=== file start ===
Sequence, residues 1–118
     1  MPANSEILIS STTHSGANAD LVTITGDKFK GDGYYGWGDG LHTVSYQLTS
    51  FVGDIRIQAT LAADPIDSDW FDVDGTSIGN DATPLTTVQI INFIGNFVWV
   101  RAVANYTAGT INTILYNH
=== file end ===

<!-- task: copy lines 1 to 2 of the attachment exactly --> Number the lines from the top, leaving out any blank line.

Sequence, residues 1–118
     1  MPANSEILIS STTHSGANAD LVTITGDKFK GDGYYGWGDG LHTVSYQLTS